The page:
Thursday, May 14, 2015

The Divorce Valley

I wrote this almost two years ago, but never published it.  There were things that I needed to say, but I just wasn't ready to share it.  Divorce feels dirty, taboo and uncomfortable.  However, those who shared their stories helped me live through mine so I know that this needs to be shared. 

Seven months ago I married for the second time.  I never saw this coming.  He literally walked into my life, we became great friends and then we fell in love.  God created tremendous beauty from ashes in my life.

Written in 2014
I often wonder what it would feel like to hear your husband admit to an affair.  Would it be better or worse than discovering all the evidence and confronting him?  I'll never know.  Pieces of my life fell like dominoes around me for months.

Over a three month period I discovered that my husband was involved in a long-term affair.  I was forced to discover every bit of evidence myself.  Even when he knew that I knew bits and pieces, he did not admit to any more than what I knew. I'm sure there are still many pieces that are missing that will never be uncovered, but I'm okay with that.

The feelings are so hard to describe.  Initially, when I learned of my husband's adultery, it was numbness and physical pain.  I literally felt sharp pain in my chest for days. Next came feeling like I was walking around in someone else's life.  I could see myself, but couldn't believe what I was dealing with. Nothing felt real.  The world seemed fuzzy.  I also felt physically sick every time I had to see him to exchange our children.  It was so strange to me that this person that I shared over a decade of my life with suddenly became a person that literally nauseated me.  Then came immense anger.  I'm thankful for the anger, the anger forced me to fight to get my life back and to press on for my children. Then I moved into a phase where I experienced many moments of wondering which parts of my married life were real.  And, the flashbacks of realizing that so many of my good memories are tainted by his double life.  

In a way, I am thankful that God protected me from all the details.  I truly believe that He knew how much I could handle and chose to reveal the depth of the betrayal in layers so it was not completely debilitating.

Know that I never viewed divorce lightly.  I knew that there are only a few instances where the Bible permits divorce.  I knew that there would be serious, life long implications for my children. I also knew with every fiber of my being that my marriage was over.  I found it borderline sociopathic that my husband was able to keep up a double life for years.  I just knew that the only way I could ever be whole again was to be done and so I chose divorce.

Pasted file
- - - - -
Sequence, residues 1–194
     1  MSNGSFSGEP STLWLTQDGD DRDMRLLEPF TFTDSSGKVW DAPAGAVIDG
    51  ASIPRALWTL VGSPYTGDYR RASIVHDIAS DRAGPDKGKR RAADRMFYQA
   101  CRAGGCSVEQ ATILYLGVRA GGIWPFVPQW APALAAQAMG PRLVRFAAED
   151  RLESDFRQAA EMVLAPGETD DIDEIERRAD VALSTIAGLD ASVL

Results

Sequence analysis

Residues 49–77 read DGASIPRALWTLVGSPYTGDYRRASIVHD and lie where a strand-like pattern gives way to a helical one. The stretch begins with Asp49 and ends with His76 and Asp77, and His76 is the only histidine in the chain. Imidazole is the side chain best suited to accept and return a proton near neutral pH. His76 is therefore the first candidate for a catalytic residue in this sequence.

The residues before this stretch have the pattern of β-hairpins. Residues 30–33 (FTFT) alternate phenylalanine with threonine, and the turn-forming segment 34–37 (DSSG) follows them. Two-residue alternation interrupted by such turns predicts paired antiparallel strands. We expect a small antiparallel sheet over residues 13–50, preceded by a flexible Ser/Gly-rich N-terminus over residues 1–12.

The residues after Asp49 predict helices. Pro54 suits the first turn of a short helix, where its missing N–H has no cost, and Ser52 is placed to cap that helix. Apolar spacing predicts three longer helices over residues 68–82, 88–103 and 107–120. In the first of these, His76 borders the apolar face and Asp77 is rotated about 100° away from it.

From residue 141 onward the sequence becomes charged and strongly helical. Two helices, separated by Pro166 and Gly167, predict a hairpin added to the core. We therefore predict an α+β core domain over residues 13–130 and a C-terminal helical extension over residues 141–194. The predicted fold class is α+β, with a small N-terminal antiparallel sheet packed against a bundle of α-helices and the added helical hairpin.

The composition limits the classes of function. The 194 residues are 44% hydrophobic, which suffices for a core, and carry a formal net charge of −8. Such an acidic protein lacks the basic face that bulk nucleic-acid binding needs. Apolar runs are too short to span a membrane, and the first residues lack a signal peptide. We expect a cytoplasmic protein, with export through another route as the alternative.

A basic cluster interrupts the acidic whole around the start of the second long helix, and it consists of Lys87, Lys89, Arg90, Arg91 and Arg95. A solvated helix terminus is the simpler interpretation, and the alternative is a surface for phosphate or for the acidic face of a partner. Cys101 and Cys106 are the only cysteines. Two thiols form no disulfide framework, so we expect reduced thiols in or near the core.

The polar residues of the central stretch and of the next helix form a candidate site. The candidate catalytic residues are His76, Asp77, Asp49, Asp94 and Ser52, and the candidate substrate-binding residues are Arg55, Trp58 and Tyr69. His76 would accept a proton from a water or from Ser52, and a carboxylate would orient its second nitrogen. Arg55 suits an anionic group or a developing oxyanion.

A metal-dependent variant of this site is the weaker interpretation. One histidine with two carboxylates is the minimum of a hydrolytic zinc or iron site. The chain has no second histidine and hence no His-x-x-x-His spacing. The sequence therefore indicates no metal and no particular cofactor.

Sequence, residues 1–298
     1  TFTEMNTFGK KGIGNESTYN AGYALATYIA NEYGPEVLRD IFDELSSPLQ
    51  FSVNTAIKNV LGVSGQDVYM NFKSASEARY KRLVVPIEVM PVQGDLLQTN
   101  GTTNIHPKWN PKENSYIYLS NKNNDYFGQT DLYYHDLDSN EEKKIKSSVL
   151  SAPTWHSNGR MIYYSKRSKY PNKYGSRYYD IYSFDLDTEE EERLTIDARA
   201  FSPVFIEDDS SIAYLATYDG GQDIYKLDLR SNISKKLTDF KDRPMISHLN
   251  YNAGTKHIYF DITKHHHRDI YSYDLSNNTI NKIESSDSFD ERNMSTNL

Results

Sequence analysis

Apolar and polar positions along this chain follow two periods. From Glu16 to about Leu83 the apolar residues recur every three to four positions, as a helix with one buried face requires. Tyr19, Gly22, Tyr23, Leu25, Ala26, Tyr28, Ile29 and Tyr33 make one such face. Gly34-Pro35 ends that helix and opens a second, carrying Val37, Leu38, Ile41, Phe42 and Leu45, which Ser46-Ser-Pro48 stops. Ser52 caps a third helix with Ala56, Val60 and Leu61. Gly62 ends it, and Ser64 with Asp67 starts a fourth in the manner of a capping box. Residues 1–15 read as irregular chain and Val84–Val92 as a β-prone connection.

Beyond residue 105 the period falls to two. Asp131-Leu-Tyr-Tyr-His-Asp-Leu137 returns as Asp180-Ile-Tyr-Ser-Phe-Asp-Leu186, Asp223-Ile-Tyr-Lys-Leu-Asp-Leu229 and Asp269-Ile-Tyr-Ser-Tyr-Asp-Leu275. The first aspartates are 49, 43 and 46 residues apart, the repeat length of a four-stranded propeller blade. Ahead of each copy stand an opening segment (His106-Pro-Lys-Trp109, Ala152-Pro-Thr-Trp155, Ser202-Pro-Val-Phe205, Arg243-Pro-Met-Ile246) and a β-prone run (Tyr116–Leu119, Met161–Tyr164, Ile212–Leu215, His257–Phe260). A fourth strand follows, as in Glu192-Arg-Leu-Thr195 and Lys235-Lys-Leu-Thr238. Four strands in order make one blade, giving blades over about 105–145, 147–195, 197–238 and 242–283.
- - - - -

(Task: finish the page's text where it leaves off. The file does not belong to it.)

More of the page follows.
I want to say that I know that there are many couples who are able to forgive the betrayal and heal the broken trust.  I respect that.  I admire that, but I also know that each situation is so very different.  Only the husband and wife and God truly know all of the details.  Having lived through this dark valley, I would never tell someone else how to handle their own trial.  Nothing hurt me more than people who judged my decision as sinful while only knowing pieces of the whole story.  

Churches need to be gentle with spouses who are considering divorce after adultery.  We are already hurting enough without the church imposing a blanket policy on how we should respond.  I'm thankful for the support of friends and Christian counselors who held me together when I was disintegrating.  

I had a difficult time forgiving the pastors of the church I was attending who made me feel that I was wrong to even consider it.  Their harsh admonitions of "So what that he broke the covenant?  We break the covenant with Christ every day" and "Hosea repeatedly took back Gomar" cut deeply when I was already badly wounded. 

A wise friend shared with me that God provides just enough light for the step we're on.  I can testify that this is true.  God walked with me.  He listened.  He knew my every need.  He loved me deeply.  He provided immense comfort.  He sent people to provide encouragement.  He met my physical needs.  He protected my children from the enormity of their lives being torn apart.  He gave clarity where people (some who even claim to teach the Word) could not.  He healed and restored the broken places.  

I prayed and prayed and prayed to be able to forgive my ex-husband.  I knew that in order to be free I had to get to a place of forgiveness and eventually I did.  But, forgiveness does not mean reconciliation.  There is confusion about that in our pulpits.  You can forgive the thief who broke into your home and stole from you.  You don't make the thief a part of your family.  
Divorce is ugly and lonely and misunderstood.  Few people know what to say or how to help or what to do.  Divorce makes other people uncomfortable.  I appreciated my family and friends who continued to love me for me.  Who truly listened.  Who sent me encouraging texts and cards.  Who invited me to do fun things.  Those people taught me what it means to love other people well.  

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